As I mentioned in my prior ON LOCATION post (TCM '74 House), most movie locations do not have any historical significance, other than the fact that they have been featured in a movie. The house in Interview with the Vampire is different because it is ripe with real historical significance.
For those of you that do not remember the film very well, in the first act of the movie, the vampire Lestat (Tom Cruise) turns Louise (Brad Pitt) into a vampire in New Orleans. During their time in New Orleans, the two of them live in a large plantation house as they kill slaves and other unfortunate souls.
The exterior location used as their home is a real antebellum plantation home called Oak Alley.
All photos taken December, 2010
Screen captures from Interview with the Vampire DVD below each photo
While driving across the US, we decided to spend a few days in New Orleans. As we continued on our journey, we stopped at Oak Alley. Here is a sign that was located across the street from the plantation that sheds some light on the history of the plantation and why it is called Oak Alley. For more on the history of Oak Alley Plantation, you can visit their official website here.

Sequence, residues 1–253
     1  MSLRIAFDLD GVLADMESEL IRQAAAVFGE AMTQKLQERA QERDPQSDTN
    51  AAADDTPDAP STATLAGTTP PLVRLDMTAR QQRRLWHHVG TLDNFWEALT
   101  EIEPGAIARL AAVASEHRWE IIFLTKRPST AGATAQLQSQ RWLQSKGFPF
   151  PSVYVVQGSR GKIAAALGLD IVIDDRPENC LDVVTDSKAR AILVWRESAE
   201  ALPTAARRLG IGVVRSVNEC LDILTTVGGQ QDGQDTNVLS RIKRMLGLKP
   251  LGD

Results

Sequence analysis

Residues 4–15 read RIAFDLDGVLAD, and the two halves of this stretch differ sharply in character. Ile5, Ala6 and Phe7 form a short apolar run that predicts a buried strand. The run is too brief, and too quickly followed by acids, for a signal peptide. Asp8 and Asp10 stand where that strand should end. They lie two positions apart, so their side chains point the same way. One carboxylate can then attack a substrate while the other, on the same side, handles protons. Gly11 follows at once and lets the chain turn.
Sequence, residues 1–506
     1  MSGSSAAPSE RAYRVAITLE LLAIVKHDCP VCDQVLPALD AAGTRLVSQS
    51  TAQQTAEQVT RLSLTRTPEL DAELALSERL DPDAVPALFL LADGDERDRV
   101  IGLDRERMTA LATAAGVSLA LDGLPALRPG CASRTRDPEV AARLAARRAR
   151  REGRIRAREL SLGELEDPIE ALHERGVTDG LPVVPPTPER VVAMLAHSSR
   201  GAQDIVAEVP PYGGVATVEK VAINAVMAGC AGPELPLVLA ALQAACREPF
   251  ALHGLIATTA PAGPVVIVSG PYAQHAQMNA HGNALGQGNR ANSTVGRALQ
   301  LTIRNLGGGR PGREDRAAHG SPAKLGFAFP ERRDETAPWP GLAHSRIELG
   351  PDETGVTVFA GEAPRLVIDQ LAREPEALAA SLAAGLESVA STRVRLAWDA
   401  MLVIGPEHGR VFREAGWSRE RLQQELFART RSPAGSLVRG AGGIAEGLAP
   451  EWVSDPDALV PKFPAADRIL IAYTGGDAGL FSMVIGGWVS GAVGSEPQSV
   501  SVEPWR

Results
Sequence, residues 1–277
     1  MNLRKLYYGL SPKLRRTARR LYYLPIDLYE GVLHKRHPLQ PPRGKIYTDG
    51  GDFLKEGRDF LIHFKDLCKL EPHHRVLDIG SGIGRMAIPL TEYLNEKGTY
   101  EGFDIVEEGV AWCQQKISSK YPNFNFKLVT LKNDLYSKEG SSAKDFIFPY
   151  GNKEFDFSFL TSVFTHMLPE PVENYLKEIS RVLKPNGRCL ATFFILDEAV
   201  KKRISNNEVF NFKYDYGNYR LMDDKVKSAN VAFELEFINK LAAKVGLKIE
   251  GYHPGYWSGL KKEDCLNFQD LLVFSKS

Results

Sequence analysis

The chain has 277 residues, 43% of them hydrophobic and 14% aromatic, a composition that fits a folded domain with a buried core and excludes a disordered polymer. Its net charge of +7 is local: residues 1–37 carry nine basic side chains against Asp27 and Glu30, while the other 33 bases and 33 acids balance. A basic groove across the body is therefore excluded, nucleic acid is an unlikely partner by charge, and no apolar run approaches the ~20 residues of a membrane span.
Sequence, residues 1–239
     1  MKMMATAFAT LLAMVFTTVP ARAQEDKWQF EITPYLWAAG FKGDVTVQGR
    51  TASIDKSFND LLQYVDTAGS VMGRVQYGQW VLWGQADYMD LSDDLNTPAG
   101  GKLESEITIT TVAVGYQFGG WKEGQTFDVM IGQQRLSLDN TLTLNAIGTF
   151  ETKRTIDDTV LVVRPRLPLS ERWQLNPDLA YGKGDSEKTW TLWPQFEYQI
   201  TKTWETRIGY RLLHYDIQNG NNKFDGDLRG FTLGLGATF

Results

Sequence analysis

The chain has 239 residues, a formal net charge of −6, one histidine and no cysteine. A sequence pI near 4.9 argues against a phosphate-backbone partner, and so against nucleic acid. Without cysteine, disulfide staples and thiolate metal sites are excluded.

Located between New Orleans and Baton Rouge, Oak Alley Plantation is only a short drive away. The address is 3645 Highway 18 (Great River Road). It costs $18 per person to take a tour of the interior of the house and the grounds surrounding it. If you want to just drive by and see the exterior of the place, you can stop at the side of the road to take pictures (like we did).
The oak trees can be seen from different angles in the film.
We didn't have time to take a tour of the inside of the plantation, but I'm guessing they never shot any interior shots of the place for the movie, considering most of the sets were burned down.
As you can see, the building still stands. It doesn't look like much has changed at Oak Alley since they shot Interview with the Vampire. I presume it won't change for the next 100 years either. If you like movie locations and you like history, definitely check out Oak Alley. When I am in New Orleans next and have more time, I will be sure to pay the 18 bucks and tour the property.
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